# How to calculate z score with mean and standard deviation

**Introduction**

The z-score, also known as the standard score, is a widely used statistical concept that measures the relative distance between a data point and the mean of a dataset, expressed in terms of the number of standard deviations. By calculating the z-score, you can determine how far a specific data point deviates from the average. This information is especially useful when analyzing data from different datasets or distributions, as it allows you to make meaningful comparisons. In this article, we will discuss the steps to calculate z-scores using mean and standard deviation.

**Step 1: Understanding Z-Score Formula**

The formula for calculating the z-score for a data point (x) is:

**z = (x – μ) / σ**

where:

– z is the z-score

– x is the raw data point

– μ is the mean (average) of the dataset

– σ is the standard deviation

**Step 2: Calculate Mean (μ)**

First, you need to find out the mean of your dataset. The mean is simply calculated by adding all the data points in your dataset and then dividing by the total number of data points. The formula for calculating mean (μ) of a dataset is:

**μ = (∑x) / n**

where:

– ∑x is the sum of all data points

– n is the total number of data points

**Step 3: Calculate Standard Deviation (σ)**

Next, you need to calculate the standard deviation for your dataset. Standard deviation measures how spread out your data points are around the mean. It’s calculated using the following formula:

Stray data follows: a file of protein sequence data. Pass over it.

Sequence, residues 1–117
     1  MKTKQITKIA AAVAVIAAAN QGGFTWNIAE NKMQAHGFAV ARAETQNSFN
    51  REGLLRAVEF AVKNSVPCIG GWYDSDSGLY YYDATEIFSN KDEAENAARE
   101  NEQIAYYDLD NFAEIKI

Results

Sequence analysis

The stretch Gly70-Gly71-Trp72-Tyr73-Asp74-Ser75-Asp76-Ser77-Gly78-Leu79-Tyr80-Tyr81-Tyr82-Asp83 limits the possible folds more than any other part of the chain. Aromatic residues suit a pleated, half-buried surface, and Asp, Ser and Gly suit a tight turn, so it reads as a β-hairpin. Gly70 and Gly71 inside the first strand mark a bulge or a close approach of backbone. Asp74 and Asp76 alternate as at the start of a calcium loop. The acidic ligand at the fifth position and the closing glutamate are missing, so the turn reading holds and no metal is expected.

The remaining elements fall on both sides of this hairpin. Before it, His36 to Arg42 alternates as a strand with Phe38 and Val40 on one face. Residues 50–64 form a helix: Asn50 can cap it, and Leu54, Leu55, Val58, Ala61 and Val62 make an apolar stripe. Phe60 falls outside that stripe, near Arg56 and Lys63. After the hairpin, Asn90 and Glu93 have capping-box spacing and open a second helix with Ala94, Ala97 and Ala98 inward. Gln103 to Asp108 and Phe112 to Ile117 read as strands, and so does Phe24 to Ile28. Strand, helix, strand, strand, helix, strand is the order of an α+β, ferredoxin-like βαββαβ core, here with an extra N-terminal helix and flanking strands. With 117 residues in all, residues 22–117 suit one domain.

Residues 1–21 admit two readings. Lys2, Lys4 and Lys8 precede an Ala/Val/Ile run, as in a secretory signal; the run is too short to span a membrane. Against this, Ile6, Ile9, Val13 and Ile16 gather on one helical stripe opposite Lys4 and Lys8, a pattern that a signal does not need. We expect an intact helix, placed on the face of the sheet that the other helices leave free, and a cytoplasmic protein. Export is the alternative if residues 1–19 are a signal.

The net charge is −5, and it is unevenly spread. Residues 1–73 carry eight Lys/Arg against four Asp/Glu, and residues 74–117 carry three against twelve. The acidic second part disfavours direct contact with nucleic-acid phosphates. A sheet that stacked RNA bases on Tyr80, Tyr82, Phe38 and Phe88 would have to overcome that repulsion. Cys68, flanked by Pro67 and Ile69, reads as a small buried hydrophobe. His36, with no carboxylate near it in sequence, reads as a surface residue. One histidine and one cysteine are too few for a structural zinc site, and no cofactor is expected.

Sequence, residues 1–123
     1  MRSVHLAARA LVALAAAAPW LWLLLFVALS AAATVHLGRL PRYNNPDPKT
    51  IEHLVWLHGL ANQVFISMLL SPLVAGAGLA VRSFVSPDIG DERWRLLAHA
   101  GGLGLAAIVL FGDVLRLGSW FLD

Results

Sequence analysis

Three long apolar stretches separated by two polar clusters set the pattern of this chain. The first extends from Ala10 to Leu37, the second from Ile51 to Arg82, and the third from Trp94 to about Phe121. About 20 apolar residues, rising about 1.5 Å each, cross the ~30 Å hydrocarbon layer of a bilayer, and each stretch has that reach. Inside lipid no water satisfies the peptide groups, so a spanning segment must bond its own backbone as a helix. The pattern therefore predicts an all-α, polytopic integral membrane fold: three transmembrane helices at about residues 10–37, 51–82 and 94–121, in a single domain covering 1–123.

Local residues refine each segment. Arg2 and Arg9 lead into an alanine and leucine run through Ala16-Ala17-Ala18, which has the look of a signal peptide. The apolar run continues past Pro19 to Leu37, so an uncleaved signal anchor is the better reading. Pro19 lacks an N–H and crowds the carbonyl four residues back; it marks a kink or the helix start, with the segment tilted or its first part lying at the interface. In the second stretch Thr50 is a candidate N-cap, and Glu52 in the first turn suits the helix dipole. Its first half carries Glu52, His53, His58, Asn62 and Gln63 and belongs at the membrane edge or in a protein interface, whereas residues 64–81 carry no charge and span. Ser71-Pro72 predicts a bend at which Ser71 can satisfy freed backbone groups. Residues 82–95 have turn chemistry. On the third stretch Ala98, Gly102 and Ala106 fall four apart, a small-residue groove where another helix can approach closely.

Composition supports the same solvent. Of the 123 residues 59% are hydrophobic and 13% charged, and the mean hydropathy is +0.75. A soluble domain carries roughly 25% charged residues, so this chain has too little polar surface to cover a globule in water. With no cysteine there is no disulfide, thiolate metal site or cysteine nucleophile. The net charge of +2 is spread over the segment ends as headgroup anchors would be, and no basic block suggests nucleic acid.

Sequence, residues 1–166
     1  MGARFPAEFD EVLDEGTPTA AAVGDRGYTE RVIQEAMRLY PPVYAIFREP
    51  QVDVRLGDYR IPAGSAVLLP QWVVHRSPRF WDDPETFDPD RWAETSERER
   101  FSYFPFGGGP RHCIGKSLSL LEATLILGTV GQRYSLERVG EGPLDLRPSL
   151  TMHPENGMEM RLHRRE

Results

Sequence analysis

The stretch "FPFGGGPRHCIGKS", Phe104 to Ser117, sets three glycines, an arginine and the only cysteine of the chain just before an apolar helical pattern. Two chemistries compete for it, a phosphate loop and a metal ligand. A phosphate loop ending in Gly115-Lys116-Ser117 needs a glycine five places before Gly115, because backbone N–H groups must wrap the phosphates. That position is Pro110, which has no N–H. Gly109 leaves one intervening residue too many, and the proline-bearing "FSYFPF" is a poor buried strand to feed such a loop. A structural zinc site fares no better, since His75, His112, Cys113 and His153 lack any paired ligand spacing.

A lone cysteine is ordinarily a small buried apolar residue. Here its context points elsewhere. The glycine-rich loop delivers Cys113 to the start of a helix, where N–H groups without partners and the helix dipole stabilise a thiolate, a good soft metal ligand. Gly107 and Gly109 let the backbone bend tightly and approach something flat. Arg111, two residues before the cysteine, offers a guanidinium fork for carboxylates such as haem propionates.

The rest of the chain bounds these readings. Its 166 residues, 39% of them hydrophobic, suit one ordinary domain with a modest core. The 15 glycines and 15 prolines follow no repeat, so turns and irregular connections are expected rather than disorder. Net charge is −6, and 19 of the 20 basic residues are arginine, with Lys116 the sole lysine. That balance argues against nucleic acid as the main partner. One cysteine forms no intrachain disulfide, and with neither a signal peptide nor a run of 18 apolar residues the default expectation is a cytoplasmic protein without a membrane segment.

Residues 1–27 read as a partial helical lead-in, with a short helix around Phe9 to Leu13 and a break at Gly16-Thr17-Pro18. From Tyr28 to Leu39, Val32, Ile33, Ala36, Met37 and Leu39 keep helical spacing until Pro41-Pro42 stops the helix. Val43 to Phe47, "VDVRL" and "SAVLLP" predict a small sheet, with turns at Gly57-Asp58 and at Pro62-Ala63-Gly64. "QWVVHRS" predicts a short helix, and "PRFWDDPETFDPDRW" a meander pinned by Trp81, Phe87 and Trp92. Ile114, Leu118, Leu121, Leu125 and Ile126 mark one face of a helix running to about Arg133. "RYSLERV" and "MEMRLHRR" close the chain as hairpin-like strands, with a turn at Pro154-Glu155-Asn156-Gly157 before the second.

σ = sqrt( (∑(x – μ)² ) / n )

where:

– ∑(x – μ)² represents the sum of squared differences between each data point and mean

– n is again, total number of data points

– sqrt represents the square root

**Step 4: Calculate Z-Score (z)**

Once you have calculated the mean and standard deviation, you can proceed with the calculation of the z-score for individual data points. Plug in the respective numbers into the formula for the z-score:

**z = (x – μ) / σ**

Replace x with the data point you are assessing, μ with the mean, and σ with the standard deviation you calculated in steps 2 and 3.

**Conclusion**

By understanding and applying this method, you can calculate z-scores for any data point in your dataset. The z-score is a helpful tool for detecting outliers, standardizing data points, or comparing scores from different datasets. Remember that a z-score close to zero indicates that the data point is close to the average, while positive or negative values indicate that a data point is above or below average, respectively. Happy calculating!